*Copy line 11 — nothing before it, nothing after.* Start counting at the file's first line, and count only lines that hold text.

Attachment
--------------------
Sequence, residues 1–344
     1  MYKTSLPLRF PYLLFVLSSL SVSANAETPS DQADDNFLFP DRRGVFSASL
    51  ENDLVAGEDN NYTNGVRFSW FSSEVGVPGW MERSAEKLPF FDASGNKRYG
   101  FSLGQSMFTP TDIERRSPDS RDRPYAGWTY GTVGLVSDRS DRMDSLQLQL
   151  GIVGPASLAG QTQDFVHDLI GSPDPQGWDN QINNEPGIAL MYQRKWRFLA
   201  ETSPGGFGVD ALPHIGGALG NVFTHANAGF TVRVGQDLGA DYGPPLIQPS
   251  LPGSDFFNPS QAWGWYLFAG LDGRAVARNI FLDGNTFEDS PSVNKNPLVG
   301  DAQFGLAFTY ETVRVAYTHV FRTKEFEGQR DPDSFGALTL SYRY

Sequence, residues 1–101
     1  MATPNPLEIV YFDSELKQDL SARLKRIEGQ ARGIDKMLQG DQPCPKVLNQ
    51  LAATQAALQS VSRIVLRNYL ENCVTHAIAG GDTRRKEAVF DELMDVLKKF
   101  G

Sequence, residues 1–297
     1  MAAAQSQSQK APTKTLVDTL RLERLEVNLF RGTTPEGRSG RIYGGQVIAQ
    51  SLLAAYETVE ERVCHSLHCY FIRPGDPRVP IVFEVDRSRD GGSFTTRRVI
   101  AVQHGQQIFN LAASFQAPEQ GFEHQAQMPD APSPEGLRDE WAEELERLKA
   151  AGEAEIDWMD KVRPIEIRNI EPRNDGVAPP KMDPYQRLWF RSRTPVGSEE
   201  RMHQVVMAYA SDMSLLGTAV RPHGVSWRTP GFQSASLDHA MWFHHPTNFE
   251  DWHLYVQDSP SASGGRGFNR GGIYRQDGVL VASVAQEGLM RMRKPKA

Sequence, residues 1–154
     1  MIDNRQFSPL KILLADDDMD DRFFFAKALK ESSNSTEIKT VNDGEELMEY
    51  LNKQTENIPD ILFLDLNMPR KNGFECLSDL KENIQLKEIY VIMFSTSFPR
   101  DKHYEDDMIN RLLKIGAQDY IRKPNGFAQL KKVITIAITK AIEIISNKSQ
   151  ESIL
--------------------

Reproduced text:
    51  LAATQAALQS VSRIVLRNYL ENCVTHAIAG GDTRRKEAVF DELMDVLKKF